Pediatric West Nile Virus

Pediatric West Nile Virus

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Summary

West Nile virus can be spread through infected mosquitos that bite the skin. It can sometimes lead to serious complications involving the brain and spinal cord.

Expanded overview

In the majority of cases, the West Nile virus spreads through the bite of a mosquito that is infected with the virus. Many people who contract the virus don’t have any symptoms or complications. However, some people – especially children, the elderly or those with a compromised immune system – can develop life-threatening complications of the spinal cord or brain.

Causes

In most cases, an individual contracts West Nile virus through the bite of an infected mosquito. Other – less frequent – ways of spreading the virus include organ transplantation or blood transfusion.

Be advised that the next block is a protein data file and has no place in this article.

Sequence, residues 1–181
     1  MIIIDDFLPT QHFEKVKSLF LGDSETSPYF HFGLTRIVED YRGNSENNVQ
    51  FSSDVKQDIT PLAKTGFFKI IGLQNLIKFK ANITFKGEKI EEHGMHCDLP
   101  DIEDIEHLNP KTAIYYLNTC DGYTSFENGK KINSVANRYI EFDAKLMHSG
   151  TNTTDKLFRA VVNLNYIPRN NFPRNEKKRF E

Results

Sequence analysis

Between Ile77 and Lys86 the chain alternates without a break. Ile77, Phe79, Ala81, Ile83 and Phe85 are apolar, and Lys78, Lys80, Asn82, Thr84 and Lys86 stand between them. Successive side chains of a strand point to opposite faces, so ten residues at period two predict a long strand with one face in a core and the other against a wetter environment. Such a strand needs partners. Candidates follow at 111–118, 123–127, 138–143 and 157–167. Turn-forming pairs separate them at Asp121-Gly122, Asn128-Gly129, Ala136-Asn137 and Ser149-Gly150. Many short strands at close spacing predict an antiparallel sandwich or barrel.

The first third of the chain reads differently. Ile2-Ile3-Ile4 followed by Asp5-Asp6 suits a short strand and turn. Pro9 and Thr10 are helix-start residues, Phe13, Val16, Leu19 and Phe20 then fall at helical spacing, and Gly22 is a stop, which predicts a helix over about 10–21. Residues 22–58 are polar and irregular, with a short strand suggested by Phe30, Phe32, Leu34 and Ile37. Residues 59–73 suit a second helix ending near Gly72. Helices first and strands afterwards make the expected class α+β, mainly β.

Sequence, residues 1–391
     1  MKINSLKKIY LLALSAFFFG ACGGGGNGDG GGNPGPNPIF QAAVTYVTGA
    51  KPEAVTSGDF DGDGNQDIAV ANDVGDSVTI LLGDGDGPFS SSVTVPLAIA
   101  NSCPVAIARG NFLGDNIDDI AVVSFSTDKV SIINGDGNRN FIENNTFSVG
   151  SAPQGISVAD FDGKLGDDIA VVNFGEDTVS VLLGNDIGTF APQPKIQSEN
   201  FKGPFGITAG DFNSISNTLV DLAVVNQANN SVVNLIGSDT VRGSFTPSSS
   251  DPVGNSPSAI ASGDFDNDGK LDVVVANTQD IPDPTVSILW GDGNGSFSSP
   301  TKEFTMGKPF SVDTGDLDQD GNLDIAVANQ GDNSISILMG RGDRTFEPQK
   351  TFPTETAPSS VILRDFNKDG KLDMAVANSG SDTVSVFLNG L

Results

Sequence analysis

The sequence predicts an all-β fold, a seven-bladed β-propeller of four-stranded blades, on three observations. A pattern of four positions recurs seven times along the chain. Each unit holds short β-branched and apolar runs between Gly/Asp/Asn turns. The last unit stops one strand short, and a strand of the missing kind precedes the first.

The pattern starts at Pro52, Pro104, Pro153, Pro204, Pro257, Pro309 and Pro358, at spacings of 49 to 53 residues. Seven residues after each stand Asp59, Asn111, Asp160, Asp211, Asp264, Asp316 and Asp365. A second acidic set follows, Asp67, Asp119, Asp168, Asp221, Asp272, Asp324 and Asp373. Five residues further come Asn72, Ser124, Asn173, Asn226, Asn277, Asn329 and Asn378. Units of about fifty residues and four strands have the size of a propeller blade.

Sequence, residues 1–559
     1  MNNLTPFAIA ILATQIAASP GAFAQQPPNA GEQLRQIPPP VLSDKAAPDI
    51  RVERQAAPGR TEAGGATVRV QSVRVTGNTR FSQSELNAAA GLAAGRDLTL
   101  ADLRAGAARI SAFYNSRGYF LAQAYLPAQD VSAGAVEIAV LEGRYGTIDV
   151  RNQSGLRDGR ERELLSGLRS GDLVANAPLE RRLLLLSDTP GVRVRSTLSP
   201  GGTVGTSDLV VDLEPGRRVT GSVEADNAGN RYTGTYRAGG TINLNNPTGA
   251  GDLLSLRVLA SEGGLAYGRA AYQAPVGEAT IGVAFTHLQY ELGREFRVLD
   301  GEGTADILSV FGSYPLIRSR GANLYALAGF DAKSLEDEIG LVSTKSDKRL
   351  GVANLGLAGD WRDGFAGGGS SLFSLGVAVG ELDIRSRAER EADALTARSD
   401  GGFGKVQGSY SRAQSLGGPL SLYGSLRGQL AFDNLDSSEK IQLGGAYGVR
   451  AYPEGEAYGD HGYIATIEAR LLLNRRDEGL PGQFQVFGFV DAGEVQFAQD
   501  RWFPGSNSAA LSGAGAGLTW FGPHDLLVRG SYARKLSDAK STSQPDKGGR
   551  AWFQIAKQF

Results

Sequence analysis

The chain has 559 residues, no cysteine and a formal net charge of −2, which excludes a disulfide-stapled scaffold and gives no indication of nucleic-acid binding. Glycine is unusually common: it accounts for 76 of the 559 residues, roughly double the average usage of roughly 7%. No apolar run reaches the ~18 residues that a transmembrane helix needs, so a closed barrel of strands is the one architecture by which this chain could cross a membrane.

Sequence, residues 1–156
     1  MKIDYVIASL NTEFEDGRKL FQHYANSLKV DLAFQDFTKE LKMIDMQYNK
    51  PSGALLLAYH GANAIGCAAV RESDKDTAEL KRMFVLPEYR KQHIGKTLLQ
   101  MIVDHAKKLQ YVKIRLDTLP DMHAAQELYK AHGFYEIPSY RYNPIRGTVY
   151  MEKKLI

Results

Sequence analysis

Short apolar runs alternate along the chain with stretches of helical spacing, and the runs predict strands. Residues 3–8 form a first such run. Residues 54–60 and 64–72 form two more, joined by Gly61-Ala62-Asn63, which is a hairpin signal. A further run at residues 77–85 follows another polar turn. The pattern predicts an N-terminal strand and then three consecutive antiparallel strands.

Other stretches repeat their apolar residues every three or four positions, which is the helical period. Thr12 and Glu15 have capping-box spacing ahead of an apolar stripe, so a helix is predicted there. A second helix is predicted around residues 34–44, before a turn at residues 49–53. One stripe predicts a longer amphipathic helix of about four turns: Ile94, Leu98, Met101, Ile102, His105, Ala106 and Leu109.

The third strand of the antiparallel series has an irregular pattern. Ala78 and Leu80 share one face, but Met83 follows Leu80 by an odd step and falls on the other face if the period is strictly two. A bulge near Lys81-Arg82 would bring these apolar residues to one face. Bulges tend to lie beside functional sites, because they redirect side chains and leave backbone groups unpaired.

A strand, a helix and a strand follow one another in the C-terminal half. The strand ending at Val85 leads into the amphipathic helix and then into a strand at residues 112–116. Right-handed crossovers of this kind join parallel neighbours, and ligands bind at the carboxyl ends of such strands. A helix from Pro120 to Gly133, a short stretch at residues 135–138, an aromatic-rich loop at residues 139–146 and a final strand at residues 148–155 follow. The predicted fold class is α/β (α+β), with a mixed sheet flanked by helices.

Symptoms

Mild signs and symptoms

Most people who contract the West Nile virus show no signs of having the illness. In about 20 percent of people who have the virus, mild signs and symptoms include:

Serious signs and symptoms

In less than one percent of those who become infected with the West Nile virus, a serious neurological infection develops. Signs and symptoms of these serious complications include:

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